Mayo Clinic to lead testing of plasma from those who have recovered from COVID-19 |

Mayo Clinic to lead testing of plasma from those who have recovered from COVID-19

Updated: April 06, 2020 07:20 AM
Created: April 06, 2020 06:01 AM

The Food and Drug Administration (FDA) announced Friday that Mayo Clinic will be the lead institution conducting research with blood from those who have recovered from COVID-19.

During a new national plasma trial, blood plasma will be collected from people who have recovered from COVID-19, which will then be used to treat those who are in severe or life-threatening conditions.

According to health officials, a donor's plasma contains antibodies that can attack the virus to help patients recover more rapidly.

Mayo Clinic will be working with physicians and investigators from 40 other institutions, including Johns Hopkins University and Washington University.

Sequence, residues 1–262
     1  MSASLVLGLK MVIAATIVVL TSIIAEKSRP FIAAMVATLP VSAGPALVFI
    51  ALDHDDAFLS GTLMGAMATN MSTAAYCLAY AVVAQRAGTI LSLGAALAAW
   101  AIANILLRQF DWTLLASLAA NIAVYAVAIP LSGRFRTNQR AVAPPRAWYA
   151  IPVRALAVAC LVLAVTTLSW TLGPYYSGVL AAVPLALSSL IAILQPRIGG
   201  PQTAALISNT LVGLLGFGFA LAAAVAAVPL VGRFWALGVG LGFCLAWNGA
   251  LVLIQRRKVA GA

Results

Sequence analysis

Mayo Clinic develops test that detects novel coronavirus

"We are pleased to work with our colleagues and the nation to fight this pandemic every way we can as part of Mayo's patient-focused mission," researcher Dr. Michael Joyner said in a statement. "We believe this program, in extending access to this investigational treatment, is a hopeful therapeutic option. We anticipate a trickle of convalescent plasma for therapy will begin next week, with more available in the following weeks. We also will collect data so we can understand how best to use plasma to treat COVID-19."

Joyner added that the testing is dependent on the number of those who have successfully recovered from the virus.

"It's very, very important for the general public to understand that this is not like a drug where we can just increase the number of shifts and ramp up the production line at the drug company," Joyner said. "This is a biological product that has to be obtained from a specific set of patients who've recovered from COVID-19."

The national program is supported by the American Red Cross and the larger blood-banking community, which will work with physicians to collect and distribute the donor plasma.

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